Chocolate Cures? The Research Just Isn’t There

Apr 23, 2015 at 4:04 PM ET

Chocolate can’t cure cancer. It won’t reduce your risk of heart disease, stroke or diabetes. And it certainly doesn’t make you thinner, or boost your vision, or protect your skin. Yet, scientific studies—and pseudoscientific advice—abound when it comes to our favorite candy bars; a PubMed search reveals 3,467 studies that delve into chocolate’s relationship with cancer.

It does sounds like a lot of evidence, so why don’t we believe it?

Well, there’s this brand-new chocolate study in PLoS (full of rigorous, prospective, peer-reviewed research) that found no association between health-related quality of life and chocolate consumption in a sample of 4,600 individuals over the course of two years. Boom.

And it’s not like any of the prior studies that had cast Hershey as a wellness panacea were terribly compelling to begin with—mostly because the research on chocolate and health either involves cells in a petri dish, or rats fed cocoa pellets in controlled laboratory environments. For instance, a 2011 study suggested that a cocoa-rich diet prevented bowel cancer in rats.

So, how do we proceed? First, turn to the comic geniuses at XKCD:

And it’s true. Scientists (heck, even non-scientists) can prove just about anything in a petri dish. When I was in college, I lost a low-paying job as a lab tech because I kept killing off cancer cells by mistake. That’s right. I cured cancer in a petri dish so many times that they fired me.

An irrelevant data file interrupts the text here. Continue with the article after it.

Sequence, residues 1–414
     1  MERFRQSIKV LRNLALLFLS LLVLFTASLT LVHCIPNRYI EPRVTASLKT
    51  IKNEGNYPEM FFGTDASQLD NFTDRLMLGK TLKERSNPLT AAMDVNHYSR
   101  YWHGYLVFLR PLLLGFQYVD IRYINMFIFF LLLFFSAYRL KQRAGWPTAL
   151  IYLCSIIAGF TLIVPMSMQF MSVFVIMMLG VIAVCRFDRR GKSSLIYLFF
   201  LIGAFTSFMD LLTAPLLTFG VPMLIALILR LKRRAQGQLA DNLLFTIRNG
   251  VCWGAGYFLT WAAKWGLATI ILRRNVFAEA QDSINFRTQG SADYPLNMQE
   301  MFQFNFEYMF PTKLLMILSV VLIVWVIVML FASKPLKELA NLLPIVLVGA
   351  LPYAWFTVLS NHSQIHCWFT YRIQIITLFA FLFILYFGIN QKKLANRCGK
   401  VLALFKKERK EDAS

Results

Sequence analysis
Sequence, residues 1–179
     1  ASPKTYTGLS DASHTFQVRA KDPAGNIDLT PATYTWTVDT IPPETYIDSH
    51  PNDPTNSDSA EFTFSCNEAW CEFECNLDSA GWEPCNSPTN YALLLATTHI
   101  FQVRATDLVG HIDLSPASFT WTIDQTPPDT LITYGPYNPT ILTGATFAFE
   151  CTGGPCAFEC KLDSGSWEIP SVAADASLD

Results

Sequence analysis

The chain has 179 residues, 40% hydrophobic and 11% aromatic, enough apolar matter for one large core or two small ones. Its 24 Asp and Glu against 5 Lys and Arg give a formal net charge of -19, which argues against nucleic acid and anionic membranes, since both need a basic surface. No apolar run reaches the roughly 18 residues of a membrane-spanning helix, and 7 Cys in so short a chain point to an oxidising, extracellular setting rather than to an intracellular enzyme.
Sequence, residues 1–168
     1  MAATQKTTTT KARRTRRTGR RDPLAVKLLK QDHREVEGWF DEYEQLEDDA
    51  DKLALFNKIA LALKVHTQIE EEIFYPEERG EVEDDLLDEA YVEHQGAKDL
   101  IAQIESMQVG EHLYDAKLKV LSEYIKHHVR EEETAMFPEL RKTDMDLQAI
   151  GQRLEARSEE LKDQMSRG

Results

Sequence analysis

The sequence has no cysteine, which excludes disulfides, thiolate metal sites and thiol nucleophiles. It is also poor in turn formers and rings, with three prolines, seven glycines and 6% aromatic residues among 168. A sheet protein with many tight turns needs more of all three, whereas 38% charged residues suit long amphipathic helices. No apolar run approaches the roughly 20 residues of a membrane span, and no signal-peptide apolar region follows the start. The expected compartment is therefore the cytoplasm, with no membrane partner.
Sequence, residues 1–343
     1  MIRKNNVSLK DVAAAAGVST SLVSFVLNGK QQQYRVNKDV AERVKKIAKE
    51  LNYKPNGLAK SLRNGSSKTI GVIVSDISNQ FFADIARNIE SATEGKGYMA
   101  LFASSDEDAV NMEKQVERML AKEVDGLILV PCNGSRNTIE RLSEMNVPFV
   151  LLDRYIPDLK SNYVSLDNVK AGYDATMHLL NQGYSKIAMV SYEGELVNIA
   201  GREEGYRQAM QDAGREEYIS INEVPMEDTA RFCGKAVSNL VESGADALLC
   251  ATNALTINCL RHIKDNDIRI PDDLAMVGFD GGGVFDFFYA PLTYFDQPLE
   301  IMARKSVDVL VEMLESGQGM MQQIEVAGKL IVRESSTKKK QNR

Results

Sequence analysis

I’m not knocking all pre-clinical trials, but note: A study that shows chocolate prevents cancer in rats does not mean that it prevents cancer in humans. It doesn’t even mean that one day, down the line, it might prevent cancer in humans. It means that it prevents cancer in rats—in a laboratory setting. The media clearly misconstrues this.

To be fair, chocolate science isn’t all petri dishes and rodents. We also have a bunch of studies in humans, summarized nicely in this 2011 BMJ literature review. Out of 4,576 studies involving chocolate consumption and heart disease in humans, the researchers found only seven that were robust enough to include in a proper analysis—and not a single randomized, controlled trial among them. (The facts didn’t stop at least one media outlet from reporting that “High Chocolate Consumption May Reduce Heart Disease Risk By One Third.”)

As Dr. Ted Gansler of the American Cancer Society explains, the research just isn’t there yet:

“Clinical trials are considered the strongest kind of evidence for guiding health decisions, but, there is almost no trial evidence directly relevant to chocolate and cancer… There have not been any studies that randomly assign people to consume chocolate or a placebo (sugar pill) and then study the subjects’ risk of developing cancer or, if they already have cancer, its growth and their survival. That type of study produces the strongest evidence and is considered the ‘gold standard’ for research.”

Meanwhile, we do know how harmful large amounts of chocolate can be for health-conscious folk whom, in their attempt to avoid cancer and heart disease, end up binging on candy bars. So, until more research rolls in, Dr. Gansler says, the occasional chocolate bar is fine—but more than that just doesn’t make sense.